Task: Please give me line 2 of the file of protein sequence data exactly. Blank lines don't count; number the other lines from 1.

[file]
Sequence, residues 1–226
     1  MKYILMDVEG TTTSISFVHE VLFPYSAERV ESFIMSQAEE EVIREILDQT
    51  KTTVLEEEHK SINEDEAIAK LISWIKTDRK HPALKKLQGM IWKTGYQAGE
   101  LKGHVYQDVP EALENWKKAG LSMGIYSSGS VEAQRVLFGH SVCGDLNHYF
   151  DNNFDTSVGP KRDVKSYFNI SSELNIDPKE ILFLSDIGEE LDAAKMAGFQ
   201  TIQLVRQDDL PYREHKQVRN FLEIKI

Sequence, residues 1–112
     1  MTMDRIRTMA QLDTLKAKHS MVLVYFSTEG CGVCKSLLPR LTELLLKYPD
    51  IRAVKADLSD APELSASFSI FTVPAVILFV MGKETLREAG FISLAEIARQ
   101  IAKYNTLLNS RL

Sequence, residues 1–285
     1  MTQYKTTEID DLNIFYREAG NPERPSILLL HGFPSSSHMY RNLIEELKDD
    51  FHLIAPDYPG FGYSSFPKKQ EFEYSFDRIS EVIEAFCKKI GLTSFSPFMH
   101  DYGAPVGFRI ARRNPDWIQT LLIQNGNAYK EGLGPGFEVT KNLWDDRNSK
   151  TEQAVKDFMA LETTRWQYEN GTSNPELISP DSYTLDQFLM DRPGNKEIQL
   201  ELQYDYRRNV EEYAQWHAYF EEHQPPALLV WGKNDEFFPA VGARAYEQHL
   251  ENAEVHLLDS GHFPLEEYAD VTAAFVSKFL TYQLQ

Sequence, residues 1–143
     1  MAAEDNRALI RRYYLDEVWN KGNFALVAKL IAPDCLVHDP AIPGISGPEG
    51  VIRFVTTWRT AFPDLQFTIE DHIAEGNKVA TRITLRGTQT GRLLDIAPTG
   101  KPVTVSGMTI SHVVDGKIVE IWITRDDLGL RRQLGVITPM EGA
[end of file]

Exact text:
     1  MKYILMDVEG TTTSISFVHE VLFPYSAERV ESFIMSQAEE EVIREILDQT